10 things you need to know this morning in Australia

Don’t let all your dreams go up in smoke. Picture: Getty Images

Good morning.

1. NSW Police have a computer program which calculates a person’s future risk of committing crime. It admitted it after academic Dr Vicki Sentas wrote about the algorithm – the Suspect Targeting Management Plan – in a paper which claims kids as young as 13 reported were being stopped and searched in public several times a week, and visited at home by police late at night with no specific reason.

2. In federal power abuse news, employment minister Michaelia Cash yesterday said neither she nor anyone in her office knew about any raids on Australian Workers’ Union offices. But when she was caught in a lie by BuzzFeed, one of her media advisers took the hit:


We’ll just have to assume that media advisers don’t advise so much these days, preferring to act on impulse. Even Andrew Bolt wasn’t a fan of the Turnbull operation’s actions.

3. Inflation in Australia was an all-round soft result yesterday, fitting with weakness in Australian wage pressures over recent years. Headline CPI rose by just 0.6%, leaving the change on a year earlier at 1.8%, and killing a lot of expectation for a rate hike some time next year. It has now been below the RBA’s target in each of the past eight quarters.

Here’s what the economists think of it all.

4. On markets, the bond selloff continued as focus shifted to global central banks and their coordinated tightening of policy. The Bank of Canada kept rates on hold at 1% as expected, and business sentiment in Germany hit an all-time high. The pound and euro rose, while the Aussie dollar fell below US77 cents on the soft inflation data. Iron ore prices are going nowhere.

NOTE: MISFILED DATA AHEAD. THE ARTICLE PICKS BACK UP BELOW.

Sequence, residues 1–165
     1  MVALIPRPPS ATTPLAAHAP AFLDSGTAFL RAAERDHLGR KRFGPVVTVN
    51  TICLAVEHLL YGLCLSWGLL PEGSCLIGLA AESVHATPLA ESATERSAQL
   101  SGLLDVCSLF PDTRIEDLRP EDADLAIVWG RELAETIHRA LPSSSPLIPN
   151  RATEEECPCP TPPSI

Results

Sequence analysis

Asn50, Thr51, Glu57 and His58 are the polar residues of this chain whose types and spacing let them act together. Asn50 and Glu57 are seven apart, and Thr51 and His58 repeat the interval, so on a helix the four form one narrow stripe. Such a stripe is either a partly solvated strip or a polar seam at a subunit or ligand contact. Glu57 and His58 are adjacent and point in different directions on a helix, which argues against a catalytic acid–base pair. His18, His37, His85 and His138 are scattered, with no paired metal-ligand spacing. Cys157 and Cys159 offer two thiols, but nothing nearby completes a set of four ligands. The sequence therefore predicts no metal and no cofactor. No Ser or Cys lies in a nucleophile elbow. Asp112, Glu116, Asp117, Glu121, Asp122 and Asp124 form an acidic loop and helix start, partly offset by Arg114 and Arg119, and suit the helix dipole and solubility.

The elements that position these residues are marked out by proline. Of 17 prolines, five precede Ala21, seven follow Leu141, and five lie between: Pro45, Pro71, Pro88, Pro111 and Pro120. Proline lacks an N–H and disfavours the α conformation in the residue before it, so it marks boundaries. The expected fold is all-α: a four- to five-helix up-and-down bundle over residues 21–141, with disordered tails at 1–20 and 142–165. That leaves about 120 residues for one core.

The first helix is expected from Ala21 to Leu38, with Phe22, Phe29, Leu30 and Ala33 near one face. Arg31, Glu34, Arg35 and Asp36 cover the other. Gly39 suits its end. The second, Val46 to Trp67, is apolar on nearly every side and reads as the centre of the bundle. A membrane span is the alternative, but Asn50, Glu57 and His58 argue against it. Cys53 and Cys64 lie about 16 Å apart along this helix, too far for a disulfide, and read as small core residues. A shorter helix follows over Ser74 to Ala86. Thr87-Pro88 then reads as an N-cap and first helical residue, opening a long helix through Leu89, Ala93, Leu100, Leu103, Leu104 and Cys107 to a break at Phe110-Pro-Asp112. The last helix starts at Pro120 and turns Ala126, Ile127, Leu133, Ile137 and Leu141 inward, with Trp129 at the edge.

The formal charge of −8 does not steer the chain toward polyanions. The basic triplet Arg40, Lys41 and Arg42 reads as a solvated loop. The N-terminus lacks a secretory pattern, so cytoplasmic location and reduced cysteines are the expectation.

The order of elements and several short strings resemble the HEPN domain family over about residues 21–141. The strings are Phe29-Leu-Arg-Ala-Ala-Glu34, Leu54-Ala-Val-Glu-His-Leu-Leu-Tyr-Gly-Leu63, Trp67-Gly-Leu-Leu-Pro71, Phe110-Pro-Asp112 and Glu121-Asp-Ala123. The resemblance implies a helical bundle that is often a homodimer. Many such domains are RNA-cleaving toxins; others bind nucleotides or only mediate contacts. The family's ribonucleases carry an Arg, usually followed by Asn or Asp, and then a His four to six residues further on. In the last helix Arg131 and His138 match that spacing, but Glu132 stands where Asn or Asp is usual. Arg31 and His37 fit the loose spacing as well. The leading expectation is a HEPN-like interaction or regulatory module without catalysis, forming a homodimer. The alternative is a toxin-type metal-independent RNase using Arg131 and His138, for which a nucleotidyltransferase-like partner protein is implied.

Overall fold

5. North Korea is now essentially daring the US to attack it. A senior North Korean official said its threat to conduct the “strongest hydrogen bomb test over the Pacific Ocean” should be taken at face value. If it does put a nuclear warhead on a launchpad, the US would have to seriously consider taking it out. Because all those movies you saw with electromagnetic pulses wiping out millions of lives are based on science fact. Cue a third US aircraft carrier en route to the Pacific.

6. Ready to learn a thing or two about rocket science from a tech mogul. A reddit user transcribed Elon Musk’s entire 42-minute presentation on colonising Mars which he gave in Adelaide last month, at the same time SpaceX published the slides. Fill your boots, space nerds.

7. How do you confuse a millennial? Put your YouTube ad right in the middle of their screen:

Score:

8. China’s Communist Party unveiled its top leadership for the next five-year term, and there was one key omission – a potential successor to President Xi Jinping. China’s constitution prohibits any president from serving more than two terms, but it’s largely a symbolic stipulation. So the move has experts and analysts scratching their heads about what it all means for China’s future.

9. Bloomberg reported that Apple won’t meet iPhone X demand next Friday because the hardware behind its Face ID is too hard to manufacture quickly. So, Bloomberg says, Apple has ordered the feature to be made less accurate. Apple says that’s “completely false”. But even if it is false, it still isn’t the best phone camera on the market – this is.

10. Depending on which academic you choose to believe, marijuana use can lead to manic depression, drug dependancy, epilepsy, schizophrenia, anxiety, heart attacks and erectile dysfunction. It can also make you fabulously wealthy, like it did for 22-year-old art collector Ben Milstein who has sold about $US350,000 in bongs since May. So, um, yeah.

BONUS ITEM: Gizmodo said it best:

Picture: Gizmodo

Yes, it is.

Have a great day.

You can get 10 things direct to your inbox each morning by punching your details into the form below.

Business Insider Emails & Alerts

Site highlights each day to your inbox.

NOW WATCH: Briefing videos

Follow Business Insider Australia on Facebook, Twitter, LinkedIn, and Instagram.